monobasic potassium phosphate the monopotassium salt, KH2PO4; used as a buffering agent in pharmaceutical preparations and, alone or in combination with other phosphate compounds, as an electrolyte replenisher and urinary acidifier and for prevention of kidney stones.
potassium permanganate a topical antiinfective and oxidizing agent, and an antidote for many poisons.
potassium phosphate a compound combining potassium and phosphoric acid, usually dibasic potassium phosphate.
potassium sodium tartrate a compound used as a saline cathartic.
Miller-Keane Encyclopedia and Dictionary of Medicine, Nursing, and Allied Health, Seventh Edition. © 2003 by Saunders, an imprint of Elsevier, Inc. All rights reserved.

po·tas·si·um bi·tar·trate

a diuretic and laxative.
Farlex Partner Medical Dictionary © Farlex 2012

po·tas·si·um bi·tar·trate

(pŏ-tasē-ŭm bī-tahrtrāt)
A diuretic and laxative.
Synonym(s): cream of tartar, potassium acid tartrate.
Medical Dictionary for the Health Professions and Nursing © Farlex 2012
References in periodicals archive ?
1 Combine 30 milliliters (2 tablespoons) of cream of tartar with 15 ml (1 Tbsp) of baking soda in a small bowl.
Add a small amount of an acid, such as lemon juice or cream of tartar (powdered potassium hydrogen tartrate), to egg whites that have been beaten until thick and foamy.
To make single acting baking powder: 2 parts cream of tartar 1 part baking soda 1 part cornstarch Store in airtight container.
This is a mature Cabernet Sauvignon that is throwing cream of tartar deposits and is 14.5% a.c.
The crystal was grown using cream of tartar and baking soda.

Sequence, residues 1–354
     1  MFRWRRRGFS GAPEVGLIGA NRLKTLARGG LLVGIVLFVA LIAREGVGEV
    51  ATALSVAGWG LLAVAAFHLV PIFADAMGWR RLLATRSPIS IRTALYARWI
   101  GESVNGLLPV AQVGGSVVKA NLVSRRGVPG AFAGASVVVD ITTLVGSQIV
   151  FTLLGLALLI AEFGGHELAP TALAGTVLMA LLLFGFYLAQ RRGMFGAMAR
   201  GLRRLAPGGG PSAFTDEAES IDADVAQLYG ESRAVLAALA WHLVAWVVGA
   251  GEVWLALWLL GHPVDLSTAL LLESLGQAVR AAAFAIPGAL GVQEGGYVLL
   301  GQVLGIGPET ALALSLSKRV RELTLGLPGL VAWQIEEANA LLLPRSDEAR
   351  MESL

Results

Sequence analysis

You need: 3 egg whites, about 3/4 cup (about 200 ml) of sugar, 1/8 teaspoon (about 1/2 ml) of cream of tartar (optional), a baking sheet covered with a piece of heavy brown paper
Changing from whole milk to buttermilk in the original cake meant adjusting the leavener from baking powder to baking soda (unlike milk, buttermilk does not need cream of tartar, an acidic ingredient in baking powder, to activate the leavening), and I fiddled with the amount of, well, everything else.
MERINGUE LAYERS: 6 egg whites Pinch salt 1/4 teaspoon cream of tartar 3 tablespoons sugar 1 tablespoon pure vanilla Preheat oven to 250 degrees.
With an electric whisk, beat the egg whites for a couple of minutes until frothy, then stir in the salt, cream of tartar, lemon zest and juice and vanilla extract.
In a separate bowl, beat egg whites and cream of tartar until soft peaks form.
6 large eggs at room temperature; 460g of almond-and-sugar powder (equal quantities of ground almonds and icing sugar mixed); 1 tsp of lemon oil or the zest of 1 large lemon grated finely; 70g plain flour; 6 large egg whites at room temperature; a pinch of cream of tartar; 70g caster sugar; 40g unsalted butter, melted and cooled.
Brendan Lynch'S ELIZABETH SPONGE Serves: 16 INGREDIENTS Sponge 6 large eggs at room temperature 460g of almondand-sugar powder (equal quantities of ground almonds and icing sugar mixed) 1 tsp of lemon oil or the zest of 1 large lemon grated finely 70g plain flour 6 large egg whites at room temperature A pinch of cream of tartar 70g caster sugar 40g unsalted butter, melted and cooled Cream filling 600ml/g of double cream 280g full fat soft cheese 120g icing sugar 1 tsp rosewater, or more, to taste Decoration 450g - 500g fresh raspberries 3/4 of a 454g pot of seedless raspberry jam.